Read Part One
One of the common themes in the religion was the parable of the shepherd and his flock. The obedient sheep were cared for and protected from harm by their shepherd, while those who chose to stray from the others soon found themselves lost and alone, at the mercy of predators lurking in the darkness.
And those poor lost lambs broken, bleeding, stumbling through the darkness, hunted at every turn, crying out for help, to no avail? When it came to that part of the sermon I knew they were talking about my mom.
In reality, the only thing my mother was crying out for was for me to wake up and get ready for school. Or do my homework. Or clean my room. There isn’t a doubt in my mind it was a tough time in her life. I was young, but I could tell she was fighting daily battles with fear and doubt.
At the same time, there was unmistakable relief from a burden suddenly lifted. While it appeared that she had lost her faith, I could tell she had finally found it. Rather than making a martyr of herself, she chose to keep on living her life. Mortal sinner or not, she was still a mother, wife, daughter, friend… and for that, she is also my hero.
My mom was always adamant that our individual faith not be affected by her decision to leave. Pretty soon, life went back to normal. I was the one that had changed. In parallel with the laws of physics, my awkwardness (physical, social, etc.) decreased with each new year. I gained confidence, friends, even boyfriends. I was growing up and seeing the world through new eyes. I started to notice the hypocrisy in the religion; everyone seemed to be living double lives. There could be all manner of scandal (all seven deadly sins) going on in private, but as long as you showed up looking the part, you were fine.
Mostly, I hated the hypocrisy I saw in myself. It was becoming more and more difficult for me to drag myself out of bed to scrub the residual makeup off my face and change into a [much] longer skirt in time for Sunday morning meeting after a late night out with (non-religious) friends. Questions swirling through my mind since the beginning had grown from whispers into a deafening roar. I felt like my initial feelings were true; that the entire establishment was just a game — a facade to gain power and influence. It was my senior year of high school when in the midst of a broken heart (love) and fear of my unknown future lurking over the horizon (college), I decided to massively feng shui my life. So I left the religion in search of answers and a fresh start.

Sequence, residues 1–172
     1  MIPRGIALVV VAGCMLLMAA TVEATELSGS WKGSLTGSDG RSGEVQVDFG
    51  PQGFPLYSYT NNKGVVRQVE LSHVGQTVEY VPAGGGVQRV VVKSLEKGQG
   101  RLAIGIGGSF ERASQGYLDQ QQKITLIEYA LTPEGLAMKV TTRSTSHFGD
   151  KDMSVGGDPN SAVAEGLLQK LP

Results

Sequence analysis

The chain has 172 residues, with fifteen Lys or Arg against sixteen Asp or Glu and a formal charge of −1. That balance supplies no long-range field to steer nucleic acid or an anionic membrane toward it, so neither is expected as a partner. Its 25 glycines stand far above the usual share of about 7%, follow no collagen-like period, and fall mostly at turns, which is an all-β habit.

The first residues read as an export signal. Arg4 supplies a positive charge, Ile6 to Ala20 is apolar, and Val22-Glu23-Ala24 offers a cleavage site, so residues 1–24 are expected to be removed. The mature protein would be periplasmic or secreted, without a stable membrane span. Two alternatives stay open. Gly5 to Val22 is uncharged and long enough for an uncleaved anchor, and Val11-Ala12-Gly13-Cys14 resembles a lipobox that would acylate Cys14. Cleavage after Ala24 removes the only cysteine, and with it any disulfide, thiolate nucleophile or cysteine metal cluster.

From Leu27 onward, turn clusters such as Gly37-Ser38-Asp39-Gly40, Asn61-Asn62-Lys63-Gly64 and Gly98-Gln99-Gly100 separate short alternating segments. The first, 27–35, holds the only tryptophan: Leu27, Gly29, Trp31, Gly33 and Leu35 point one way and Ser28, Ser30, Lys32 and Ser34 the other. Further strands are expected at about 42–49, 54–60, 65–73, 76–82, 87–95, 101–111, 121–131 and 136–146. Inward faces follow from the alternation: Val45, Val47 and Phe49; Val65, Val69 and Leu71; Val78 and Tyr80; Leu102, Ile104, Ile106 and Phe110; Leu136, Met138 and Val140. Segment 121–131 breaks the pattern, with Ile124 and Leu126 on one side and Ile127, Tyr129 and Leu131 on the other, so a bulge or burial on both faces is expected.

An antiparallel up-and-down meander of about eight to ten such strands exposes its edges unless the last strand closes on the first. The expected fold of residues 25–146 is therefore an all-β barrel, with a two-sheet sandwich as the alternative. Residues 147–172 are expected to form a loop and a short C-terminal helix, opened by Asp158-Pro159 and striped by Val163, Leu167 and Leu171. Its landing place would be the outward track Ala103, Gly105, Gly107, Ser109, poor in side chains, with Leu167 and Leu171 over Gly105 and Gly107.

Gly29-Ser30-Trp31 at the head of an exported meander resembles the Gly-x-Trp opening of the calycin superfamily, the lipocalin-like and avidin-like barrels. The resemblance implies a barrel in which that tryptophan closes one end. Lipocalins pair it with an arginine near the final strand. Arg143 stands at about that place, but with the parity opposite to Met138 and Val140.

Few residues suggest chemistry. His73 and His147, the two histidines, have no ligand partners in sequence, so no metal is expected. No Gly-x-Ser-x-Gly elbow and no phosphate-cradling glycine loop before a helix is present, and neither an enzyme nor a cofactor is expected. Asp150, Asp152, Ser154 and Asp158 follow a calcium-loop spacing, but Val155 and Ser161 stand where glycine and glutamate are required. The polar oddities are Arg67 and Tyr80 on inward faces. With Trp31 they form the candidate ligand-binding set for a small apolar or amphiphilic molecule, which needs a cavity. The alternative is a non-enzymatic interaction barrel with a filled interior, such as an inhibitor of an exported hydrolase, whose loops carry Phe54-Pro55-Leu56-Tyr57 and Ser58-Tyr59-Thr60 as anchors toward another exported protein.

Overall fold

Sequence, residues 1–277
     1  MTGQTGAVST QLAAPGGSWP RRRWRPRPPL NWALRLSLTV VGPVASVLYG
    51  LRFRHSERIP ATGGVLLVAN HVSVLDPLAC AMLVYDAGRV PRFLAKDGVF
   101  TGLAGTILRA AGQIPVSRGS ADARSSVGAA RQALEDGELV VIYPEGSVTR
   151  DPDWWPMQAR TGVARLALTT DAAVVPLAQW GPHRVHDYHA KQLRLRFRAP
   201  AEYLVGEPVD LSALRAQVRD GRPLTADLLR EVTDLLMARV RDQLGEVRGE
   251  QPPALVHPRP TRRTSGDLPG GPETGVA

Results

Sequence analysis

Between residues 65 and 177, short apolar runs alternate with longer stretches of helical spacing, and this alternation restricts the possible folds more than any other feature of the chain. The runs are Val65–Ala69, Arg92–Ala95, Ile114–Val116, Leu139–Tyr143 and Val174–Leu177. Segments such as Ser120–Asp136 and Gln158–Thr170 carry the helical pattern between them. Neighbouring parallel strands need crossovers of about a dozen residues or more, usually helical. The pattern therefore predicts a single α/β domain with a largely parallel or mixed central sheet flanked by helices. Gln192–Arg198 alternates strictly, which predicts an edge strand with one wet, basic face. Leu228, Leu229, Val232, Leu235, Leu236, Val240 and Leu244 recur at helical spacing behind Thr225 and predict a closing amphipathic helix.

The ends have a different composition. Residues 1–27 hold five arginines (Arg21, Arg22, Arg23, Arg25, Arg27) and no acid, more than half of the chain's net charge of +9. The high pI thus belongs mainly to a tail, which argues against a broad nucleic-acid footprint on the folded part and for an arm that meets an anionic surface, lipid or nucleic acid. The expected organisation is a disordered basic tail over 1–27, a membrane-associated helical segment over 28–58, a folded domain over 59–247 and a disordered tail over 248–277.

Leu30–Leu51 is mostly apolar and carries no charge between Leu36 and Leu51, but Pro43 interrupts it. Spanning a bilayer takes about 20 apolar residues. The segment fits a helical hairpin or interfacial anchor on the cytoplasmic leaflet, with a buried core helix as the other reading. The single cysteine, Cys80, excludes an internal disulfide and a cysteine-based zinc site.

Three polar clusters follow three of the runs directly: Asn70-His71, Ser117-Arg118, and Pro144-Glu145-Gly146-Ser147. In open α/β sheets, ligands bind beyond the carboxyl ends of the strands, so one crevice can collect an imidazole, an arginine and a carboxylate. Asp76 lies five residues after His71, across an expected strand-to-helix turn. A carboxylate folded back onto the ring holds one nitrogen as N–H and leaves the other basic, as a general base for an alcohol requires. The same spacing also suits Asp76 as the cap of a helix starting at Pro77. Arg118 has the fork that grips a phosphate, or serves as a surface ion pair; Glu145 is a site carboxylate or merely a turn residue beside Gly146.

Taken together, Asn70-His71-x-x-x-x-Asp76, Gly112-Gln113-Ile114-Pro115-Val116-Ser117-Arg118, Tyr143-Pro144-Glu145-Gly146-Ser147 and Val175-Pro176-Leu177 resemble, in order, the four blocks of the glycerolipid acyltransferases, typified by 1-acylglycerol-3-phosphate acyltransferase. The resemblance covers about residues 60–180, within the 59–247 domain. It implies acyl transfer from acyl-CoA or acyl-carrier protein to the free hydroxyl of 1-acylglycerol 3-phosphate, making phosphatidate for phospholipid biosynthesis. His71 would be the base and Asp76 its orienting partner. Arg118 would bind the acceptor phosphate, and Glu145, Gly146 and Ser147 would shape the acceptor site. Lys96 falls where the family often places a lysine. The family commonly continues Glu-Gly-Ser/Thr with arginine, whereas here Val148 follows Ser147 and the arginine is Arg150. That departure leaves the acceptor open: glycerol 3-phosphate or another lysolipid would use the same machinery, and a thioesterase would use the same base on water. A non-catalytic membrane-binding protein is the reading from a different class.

I decided religion was nothing more than a fairy tale humanity clings to because the majority of us are too cowardly and weak to take responsibility for our existence in the face of an indifferent universe. Had I finally found the answer? Had I achieved enlightenment through German philosophy?
Belief is defined as, “confidence in the truth or existence of something not immediately susceptible to rigorous proof.” Belief means accepting you’re never going to have all the answers (easier said than done in the Age of Information). Looking back, I was getting “weakness” confused with “vulnerability.” Having faith means making yourself vulnerable to the reality that you might be wrong. Still, does demanding irrefutable proof of (xyz) within the scope of human comprehension before it “exists” strike you as progressive or open minded?
Couldn’t sneering at those who believe simply because you don’t be classified as bullying (although this is hilarious)…?
Our belief (vs. passive interest in life) is what ultimately define whether we live life — or simply exist. Am I wrong in suggesting that leaving everything familiar behind and taking a job in Minsk even though you’ve never been out of state is an exercise in faith? Or when you realize that you’re falling for someone, and you’re scared to death that they’re going to rip your heart out, but you go ahead and fall anyway? What would you call that?
So whether you believe in God, Allah, Buddah, Yahweh, the mud god Pikkiwaki, science, modern medicine, Gaga, Apple, Whole Foods or (horrors) yourself… faith is what ultimately drives our existence.